Brazil Launches Parliamentary Inquiry Over Match-Fixing in Sports
Posted on: May 16, 2023, 07:47h.
Last updated on: May 16, 2023, 12:28h.
The continuing saga of alleged match-fixing in Brazilian sports is forcing the government to take a detour from reforming the country. A parliamentary commission of inquiry (PCI) on sports betting is set to begin Tuesday in the Chamber of Deputies, with up to 34 legislators having a seat at the table.
The PCI will investigate fraud mostly in soccer, although it could also look at other sports. Match-fixing in tennis has been a problem as well, and has also become a global issue.
The Brazilian state of Goias announced last week that it found at least 16 people involved in various match-fixing activities. It’s part of a larger investigation taking place across the country, and which also reached MLS and the Colorado Rapids.
Stepping Up the Crackdown
The commission will likely be led by André Fufuca as its president, according to an announcement by the legislative body. The full list of names of the deputies participating in the inquiry won’t be available until after the first meeting.
The commission will have names linked to soccer, including deputies Eduardo Bandeira de Mello, the former president of soccer club Flamengo, and Maurício do Vôlei, a former player of the Brazilian men’s volleyball team.
Felipe Carreras, who previously chaired the sports commission and was a rapporteur on matters such as the “Legal Framework of Gambling” and the “General Law of Sport,” will also play a role on the commission.
According to the latest investigation in Goias, players received up to BRL100,000 (US$20,450) to provoke yellow and red cards in games. The cases occurred in tournaments such as the A and B series of the Brazilian Championship in 2022, and the Paulista and Gaucho championships of 2023.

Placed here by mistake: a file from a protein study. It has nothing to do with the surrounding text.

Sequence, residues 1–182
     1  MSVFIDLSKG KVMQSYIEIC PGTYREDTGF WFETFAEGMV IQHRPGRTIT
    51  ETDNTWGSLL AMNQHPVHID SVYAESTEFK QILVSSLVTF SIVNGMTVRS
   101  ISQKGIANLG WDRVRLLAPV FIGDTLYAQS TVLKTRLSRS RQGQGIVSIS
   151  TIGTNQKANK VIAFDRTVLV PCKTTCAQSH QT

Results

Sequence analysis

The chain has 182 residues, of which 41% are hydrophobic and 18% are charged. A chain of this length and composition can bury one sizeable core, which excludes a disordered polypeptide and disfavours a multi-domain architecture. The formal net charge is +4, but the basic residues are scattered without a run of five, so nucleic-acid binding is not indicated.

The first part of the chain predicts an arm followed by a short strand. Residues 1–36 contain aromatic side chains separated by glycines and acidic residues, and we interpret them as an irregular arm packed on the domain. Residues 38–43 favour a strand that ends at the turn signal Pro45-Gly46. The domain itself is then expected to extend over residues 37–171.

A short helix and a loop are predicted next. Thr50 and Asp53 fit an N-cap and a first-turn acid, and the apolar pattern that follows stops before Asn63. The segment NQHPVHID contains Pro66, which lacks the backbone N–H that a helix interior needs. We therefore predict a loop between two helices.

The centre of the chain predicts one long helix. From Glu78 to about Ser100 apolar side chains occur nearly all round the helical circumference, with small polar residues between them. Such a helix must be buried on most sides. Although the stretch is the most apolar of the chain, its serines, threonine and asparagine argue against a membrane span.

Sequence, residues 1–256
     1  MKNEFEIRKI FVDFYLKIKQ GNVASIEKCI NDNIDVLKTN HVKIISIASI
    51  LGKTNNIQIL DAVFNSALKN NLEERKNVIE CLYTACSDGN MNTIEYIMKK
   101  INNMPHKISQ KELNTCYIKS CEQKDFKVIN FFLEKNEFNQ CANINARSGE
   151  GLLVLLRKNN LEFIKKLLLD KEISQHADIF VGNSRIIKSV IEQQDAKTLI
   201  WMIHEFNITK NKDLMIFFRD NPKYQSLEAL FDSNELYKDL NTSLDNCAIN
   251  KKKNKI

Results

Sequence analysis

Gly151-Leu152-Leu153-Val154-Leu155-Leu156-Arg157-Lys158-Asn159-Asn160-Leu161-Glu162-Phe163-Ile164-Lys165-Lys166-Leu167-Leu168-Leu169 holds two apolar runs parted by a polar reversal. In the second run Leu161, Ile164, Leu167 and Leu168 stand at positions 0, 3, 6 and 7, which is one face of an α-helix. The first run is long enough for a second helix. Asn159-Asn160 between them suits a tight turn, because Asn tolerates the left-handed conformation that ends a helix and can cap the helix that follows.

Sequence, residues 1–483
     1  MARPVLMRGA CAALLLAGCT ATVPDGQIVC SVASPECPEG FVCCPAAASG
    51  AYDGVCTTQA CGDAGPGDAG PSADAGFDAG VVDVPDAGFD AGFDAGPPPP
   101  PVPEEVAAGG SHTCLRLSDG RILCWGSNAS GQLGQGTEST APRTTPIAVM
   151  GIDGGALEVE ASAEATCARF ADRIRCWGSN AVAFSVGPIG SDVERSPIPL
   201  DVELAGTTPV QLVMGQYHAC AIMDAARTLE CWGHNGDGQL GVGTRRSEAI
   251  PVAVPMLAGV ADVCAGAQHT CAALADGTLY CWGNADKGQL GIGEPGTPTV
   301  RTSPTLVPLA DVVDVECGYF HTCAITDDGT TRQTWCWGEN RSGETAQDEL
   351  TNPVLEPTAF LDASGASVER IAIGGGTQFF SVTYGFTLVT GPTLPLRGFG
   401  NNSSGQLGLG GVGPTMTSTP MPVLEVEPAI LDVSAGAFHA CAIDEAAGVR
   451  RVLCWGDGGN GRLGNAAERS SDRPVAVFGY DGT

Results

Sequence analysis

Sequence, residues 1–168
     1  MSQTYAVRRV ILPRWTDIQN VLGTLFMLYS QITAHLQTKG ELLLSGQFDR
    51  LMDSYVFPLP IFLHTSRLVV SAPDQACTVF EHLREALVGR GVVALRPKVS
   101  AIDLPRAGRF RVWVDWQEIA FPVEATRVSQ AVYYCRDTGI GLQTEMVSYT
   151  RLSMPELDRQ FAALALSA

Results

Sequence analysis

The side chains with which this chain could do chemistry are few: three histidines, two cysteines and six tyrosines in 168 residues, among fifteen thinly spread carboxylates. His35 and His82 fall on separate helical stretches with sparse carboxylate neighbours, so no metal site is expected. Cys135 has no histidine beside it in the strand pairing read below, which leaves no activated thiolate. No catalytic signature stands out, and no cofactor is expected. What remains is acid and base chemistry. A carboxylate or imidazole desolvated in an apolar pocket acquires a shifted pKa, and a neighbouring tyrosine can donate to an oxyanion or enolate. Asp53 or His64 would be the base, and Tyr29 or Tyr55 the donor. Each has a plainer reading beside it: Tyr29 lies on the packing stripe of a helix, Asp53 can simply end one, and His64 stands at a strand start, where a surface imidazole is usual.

Eight players have been removed from their clubs because of their alleged participation in the scheme. The list includes names from Fluminense, Santos, Athletico Paranaense, São Bernardo, América – MG, and Coritiba. The investigation also led to the removal of Max Alves from the Rapids.
Bandeira de Mello told local media outlet Jovem Pan News that the CPI’s goal is to eradicate match-fixing in sports. He admitted that it has probably been taking place more often than many realize.
He expects the inquiry to lead to drastic measures against those who organize and commit the manipulation, with new laws possibly arriving out of the review. In addition, the CPI will work closely with the federal police and the public prosecutor’s office to arrest anyone involved.
Regulated Sports Betting on the Horizon
A provisionary measure that would regulate the sports betting industry in Brazil is now in President Inacio Lula da Silva’s hands. The Ministry of Finance has delivered that final draft, which is awaiting the president’s signature.
The draft attempts to address all aspects of sports betting. Enforcement, however, might prove more complicated.
It stipulates that sportsbooks can only process deposits and withdrawals through bank accounts of institutions approved by the Central Bank and established in Brazil. In addition, it allocates 1% of operators’ revenue to the new Ministry of Sport.
With the initial 15% tax on operators, this makes the effective tax rate 16%, which is 11% more than initial estimates. Whereas operators, under sports betting legislation from 2018, thought they would only give up 5%, the increase to 16% is significant.
The percent of that tax revenue will go to the country’s Social Security program. Sports clubs and entities will share 1.63%, while another 2.55% is earmarked for Brazil’s national police force.
The text also prohibits advertising from unlicensed bookmakers. Finally, the measure prohibits players and club officials from placing bets. The same will apply to the sportsbooks’ employees, as well as minors under 18 and public officials.
It’s possible that da Silva may sign the reforms at any moment. Once he does, and following a review by the Chamber of Deputies and Senate, they will enter a 60-day “soft launch.” If that goes smoothly, the measure will receive a 60-day extension toward becoming law.
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